Tag Archives: omega-3

Omega 3 makes you happier!

I have to admit I was a little surprised with this headline, but I thought it was certainly worth following up and bring attention to it here.

It is fascinating what can be attributed to Omega 3 these days and although we can see a scientific correlation to cancer in particular in controlled scientific research, I have to admit I find the above statement is a little hard to swallow.

The more you read this article on Omega-3 the more it seems rather circumspect. In truth I am I am not convinced as cultural differences I am sure are at play here, rather than diet.

I would be interested to hear from people from the Far East to get their point of view.

Iron deficiency effects mental proformance

Please bear with me on these posts, I suppose I am just trying to find my voice, if that makes any sense I have no idea.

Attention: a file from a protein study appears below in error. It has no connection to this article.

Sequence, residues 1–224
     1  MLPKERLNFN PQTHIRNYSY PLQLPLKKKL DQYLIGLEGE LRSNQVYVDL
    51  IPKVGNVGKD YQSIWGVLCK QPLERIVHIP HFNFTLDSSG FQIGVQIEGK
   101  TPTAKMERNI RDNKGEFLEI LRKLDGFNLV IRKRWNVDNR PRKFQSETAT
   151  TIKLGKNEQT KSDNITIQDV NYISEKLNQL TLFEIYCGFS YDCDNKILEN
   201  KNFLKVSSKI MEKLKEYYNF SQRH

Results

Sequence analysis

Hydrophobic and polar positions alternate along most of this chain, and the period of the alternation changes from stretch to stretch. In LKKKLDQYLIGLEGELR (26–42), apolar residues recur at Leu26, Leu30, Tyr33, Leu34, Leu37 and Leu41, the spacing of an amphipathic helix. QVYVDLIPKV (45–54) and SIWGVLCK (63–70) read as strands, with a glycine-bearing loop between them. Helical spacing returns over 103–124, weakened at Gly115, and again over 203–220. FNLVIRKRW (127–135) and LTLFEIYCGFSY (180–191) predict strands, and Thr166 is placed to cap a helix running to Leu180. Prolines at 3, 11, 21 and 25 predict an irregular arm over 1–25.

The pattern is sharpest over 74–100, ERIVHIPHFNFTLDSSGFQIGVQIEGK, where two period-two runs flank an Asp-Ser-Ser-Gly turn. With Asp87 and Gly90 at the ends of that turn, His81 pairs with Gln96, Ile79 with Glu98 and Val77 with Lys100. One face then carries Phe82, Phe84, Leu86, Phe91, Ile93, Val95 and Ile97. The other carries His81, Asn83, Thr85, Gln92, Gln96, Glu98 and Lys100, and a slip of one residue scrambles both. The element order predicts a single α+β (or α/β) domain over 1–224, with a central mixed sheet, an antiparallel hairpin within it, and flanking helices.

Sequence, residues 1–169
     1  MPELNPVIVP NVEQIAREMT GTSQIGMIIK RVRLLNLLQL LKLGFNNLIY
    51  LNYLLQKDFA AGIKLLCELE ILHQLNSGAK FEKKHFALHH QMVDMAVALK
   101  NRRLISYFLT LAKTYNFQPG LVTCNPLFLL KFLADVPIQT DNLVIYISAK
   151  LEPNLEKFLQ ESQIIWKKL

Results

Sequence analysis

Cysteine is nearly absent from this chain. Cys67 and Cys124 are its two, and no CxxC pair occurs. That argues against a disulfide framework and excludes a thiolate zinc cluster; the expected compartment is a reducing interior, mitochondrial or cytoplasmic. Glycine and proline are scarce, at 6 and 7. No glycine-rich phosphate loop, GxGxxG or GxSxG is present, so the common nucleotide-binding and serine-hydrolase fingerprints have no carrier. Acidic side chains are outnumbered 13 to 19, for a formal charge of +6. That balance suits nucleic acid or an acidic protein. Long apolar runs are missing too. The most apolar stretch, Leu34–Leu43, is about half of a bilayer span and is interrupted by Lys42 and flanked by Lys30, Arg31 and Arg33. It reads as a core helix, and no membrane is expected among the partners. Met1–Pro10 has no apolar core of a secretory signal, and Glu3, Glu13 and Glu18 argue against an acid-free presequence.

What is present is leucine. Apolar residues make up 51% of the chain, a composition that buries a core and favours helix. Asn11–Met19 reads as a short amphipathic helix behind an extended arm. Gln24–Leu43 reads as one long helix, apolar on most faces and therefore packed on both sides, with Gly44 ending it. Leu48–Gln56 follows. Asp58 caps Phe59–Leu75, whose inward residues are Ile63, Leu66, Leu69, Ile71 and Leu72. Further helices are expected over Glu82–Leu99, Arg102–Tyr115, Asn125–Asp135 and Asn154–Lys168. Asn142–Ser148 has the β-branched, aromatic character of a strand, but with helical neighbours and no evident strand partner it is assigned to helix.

Well maybe I just need to take more iron, but seriously since starting this blog I am more aware of the effects of nutrition on our body so each time I pick up some new info I am keen to pass it on.

So on this occasion it is in regards to this article, Can Dietary Supplements Boost Brain Power? What did catch my eye was these 2 paragraphs, I will let it speak for itself

More recently, however, a handful of studies have indicated that certain dietary deficiencies may negatively affect brain function, and that supplements could be used to correct these deficiencies. Iron deficiency, for example, has been associated with poor mental performance. A study published last year in the American Journal of Clinical Nutrition found that women of reproductive age (18 – 35 years) who had low levels of iron in their blood performed more poorly on tests of attention, memory, and learning that those who had sufficient levels of iron.